It’s easy to write a post about Andy’s truly vast knowledge of conditions, weather, techniques, equipment, geography, terrain, flora, fauna, logistics, history, languages, physics, psychology and human nature — and how all these things combine in the mountains. Or to rattle on about what an even tempered, patient, interesting and delightful person he is. What I was blocking on until just this moment, was how to convey his role in some challenging and transformative passages. I realized I just have to point to the first two sentences. He got us safely in and out and also intact as a family and as a team. We stretched. I took my two darlings (18 and 22 year old son and daughter) on a trip which I hoped would open new windows of view on the world, human experience and their own inner strengths and limitations. We got that plus much more with Andy’s help. He also wrestled gracefully with ridiculously complicated logistics resulting from my wanting to climb and bicycle almost simultaneously. I think the world of Andy and would feel lucky and safe with him on any adventure. I am certainly not exaggerating at all about his extraordinary knowledge. Somewhere along the line he got a PhD in engineering — which seems like a particularly good idea when one is dangling off the end of a line which he has secured. . . . Quite a guy. What an amazing experience we had with him!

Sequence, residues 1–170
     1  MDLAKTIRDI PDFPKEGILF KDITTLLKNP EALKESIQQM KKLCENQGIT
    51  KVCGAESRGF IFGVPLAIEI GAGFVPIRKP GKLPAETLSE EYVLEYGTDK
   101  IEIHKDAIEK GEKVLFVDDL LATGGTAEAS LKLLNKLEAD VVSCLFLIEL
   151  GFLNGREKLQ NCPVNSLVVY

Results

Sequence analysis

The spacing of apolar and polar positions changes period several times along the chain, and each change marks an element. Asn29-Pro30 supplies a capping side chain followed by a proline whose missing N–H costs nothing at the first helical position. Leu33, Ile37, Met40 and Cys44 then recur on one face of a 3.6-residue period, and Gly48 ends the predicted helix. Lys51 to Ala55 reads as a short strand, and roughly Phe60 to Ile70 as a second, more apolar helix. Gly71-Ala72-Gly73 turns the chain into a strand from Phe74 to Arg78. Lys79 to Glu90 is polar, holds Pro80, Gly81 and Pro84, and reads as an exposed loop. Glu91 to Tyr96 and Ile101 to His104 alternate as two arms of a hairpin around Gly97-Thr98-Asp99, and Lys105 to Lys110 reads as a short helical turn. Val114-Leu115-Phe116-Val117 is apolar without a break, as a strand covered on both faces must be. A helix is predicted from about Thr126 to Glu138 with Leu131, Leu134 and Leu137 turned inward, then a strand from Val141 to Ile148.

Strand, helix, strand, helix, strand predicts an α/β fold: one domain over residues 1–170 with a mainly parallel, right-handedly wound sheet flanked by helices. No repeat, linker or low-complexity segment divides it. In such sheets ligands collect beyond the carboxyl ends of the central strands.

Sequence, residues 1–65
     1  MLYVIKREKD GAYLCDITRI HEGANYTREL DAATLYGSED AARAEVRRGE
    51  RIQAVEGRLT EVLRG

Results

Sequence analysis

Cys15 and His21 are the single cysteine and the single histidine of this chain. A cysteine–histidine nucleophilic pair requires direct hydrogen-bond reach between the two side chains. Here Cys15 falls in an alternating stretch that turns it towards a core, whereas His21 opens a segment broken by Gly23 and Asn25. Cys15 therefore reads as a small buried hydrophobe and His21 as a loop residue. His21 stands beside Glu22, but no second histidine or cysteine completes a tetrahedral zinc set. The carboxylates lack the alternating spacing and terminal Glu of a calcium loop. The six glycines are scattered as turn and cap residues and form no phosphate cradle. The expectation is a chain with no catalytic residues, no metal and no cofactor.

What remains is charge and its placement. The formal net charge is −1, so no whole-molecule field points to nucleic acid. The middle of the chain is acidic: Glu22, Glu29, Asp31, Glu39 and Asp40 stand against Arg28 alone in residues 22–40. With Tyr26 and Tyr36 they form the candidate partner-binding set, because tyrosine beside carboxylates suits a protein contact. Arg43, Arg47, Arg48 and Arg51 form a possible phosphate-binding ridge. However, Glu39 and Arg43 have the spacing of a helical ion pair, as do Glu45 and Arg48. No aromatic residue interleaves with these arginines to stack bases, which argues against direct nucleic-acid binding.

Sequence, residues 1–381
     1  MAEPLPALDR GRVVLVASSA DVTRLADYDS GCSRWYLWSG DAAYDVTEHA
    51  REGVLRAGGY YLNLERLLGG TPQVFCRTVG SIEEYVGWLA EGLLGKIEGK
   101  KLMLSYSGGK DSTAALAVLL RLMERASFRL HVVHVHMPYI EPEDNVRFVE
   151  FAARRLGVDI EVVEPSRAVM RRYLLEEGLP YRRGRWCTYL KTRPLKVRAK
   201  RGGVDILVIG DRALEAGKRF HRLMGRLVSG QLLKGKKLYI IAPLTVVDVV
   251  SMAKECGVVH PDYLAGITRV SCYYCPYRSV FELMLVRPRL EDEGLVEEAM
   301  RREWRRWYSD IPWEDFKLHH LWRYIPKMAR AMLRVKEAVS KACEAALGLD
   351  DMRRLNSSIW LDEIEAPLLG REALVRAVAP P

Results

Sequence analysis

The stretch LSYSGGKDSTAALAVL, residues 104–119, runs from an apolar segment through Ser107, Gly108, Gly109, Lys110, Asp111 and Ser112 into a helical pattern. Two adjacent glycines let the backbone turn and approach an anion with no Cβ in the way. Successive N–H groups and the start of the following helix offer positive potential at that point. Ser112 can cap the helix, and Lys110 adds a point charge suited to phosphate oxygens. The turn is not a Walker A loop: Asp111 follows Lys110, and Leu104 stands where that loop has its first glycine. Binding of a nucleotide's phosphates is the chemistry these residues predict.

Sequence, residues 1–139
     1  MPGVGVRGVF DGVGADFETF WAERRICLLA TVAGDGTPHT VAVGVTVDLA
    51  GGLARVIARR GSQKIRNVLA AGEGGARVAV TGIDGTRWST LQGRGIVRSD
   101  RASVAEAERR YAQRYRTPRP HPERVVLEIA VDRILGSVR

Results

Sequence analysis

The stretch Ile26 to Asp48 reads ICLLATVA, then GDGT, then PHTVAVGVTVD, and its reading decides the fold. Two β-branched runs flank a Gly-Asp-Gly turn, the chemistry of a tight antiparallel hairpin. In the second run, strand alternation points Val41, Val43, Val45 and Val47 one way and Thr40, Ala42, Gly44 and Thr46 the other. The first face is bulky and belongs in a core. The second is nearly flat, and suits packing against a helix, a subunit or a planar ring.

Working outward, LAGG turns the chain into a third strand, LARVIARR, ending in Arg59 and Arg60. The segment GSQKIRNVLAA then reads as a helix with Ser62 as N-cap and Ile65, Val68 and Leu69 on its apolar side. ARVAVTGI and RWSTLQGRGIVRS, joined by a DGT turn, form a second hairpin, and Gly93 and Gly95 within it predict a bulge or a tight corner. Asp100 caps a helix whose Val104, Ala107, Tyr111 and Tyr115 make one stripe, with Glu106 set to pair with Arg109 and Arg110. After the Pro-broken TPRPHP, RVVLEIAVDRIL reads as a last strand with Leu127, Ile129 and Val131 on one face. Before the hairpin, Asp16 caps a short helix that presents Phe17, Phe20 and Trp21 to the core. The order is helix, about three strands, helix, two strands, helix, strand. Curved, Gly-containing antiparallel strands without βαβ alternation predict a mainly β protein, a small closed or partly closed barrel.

We met Andy through Richard Mansfield of www.mountain-guides.net Richard also arranged a training day with the incomparable Isabelle Santoire who is also top flight, joyful and awesome. Yay for the gutsy women mountain guides! A very small and elite band.
All together our experience was beyond my imaginings. Many, many thanks to Andy for his care, intelligence and patience!